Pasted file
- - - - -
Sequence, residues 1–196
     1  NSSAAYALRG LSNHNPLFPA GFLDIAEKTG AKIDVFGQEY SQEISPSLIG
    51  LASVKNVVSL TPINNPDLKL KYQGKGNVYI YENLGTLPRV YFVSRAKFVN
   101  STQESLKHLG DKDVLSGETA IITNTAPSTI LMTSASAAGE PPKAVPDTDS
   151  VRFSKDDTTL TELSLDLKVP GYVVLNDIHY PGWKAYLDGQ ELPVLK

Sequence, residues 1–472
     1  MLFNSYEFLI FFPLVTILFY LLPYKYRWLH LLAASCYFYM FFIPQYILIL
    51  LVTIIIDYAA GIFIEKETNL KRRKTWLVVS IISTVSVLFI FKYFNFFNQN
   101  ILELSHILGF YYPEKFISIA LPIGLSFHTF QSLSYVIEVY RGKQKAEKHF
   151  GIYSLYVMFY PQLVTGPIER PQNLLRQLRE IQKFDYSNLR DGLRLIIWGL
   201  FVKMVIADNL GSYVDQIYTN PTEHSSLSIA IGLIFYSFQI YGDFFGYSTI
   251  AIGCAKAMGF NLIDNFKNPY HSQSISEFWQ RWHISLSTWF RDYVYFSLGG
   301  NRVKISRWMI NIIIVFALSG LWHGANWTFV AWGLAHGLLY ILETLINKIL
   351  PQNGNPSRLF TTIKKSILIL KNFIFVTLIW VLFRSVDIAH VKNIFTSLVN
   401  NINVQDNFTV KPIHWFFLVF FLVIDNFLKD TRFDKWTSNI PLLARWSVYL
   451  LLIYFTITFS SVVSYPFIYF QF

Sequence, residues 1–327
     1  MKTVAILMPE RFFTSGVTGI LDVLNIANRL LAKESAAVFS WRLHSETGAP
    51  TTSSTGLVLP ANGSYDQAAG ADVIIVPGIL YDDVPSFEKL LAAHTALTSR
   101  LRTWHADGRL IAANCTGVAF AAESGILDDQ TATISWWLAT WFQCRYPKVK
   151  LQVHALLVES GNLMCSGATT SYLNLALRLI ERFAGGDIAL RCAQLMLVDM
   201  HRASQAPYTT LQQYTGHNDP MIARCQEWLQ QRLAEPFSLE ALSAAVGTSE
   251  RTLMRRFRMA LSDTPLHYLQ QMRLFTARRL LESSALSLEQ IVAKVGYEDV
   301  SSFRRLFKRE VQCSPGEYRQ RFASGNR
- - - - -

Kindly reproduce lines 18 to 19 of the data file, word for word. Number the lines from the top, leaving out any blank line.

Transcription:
     1  MKTVAILMPE RFFTSGVTGI LDVLNIANRL LAKESAAVFS WRLHSETGAP
    51  TTSSTGLVLP ANGSYDQAAG ADVIIVPGIL YDDVPSFEKL LAAHTALTSR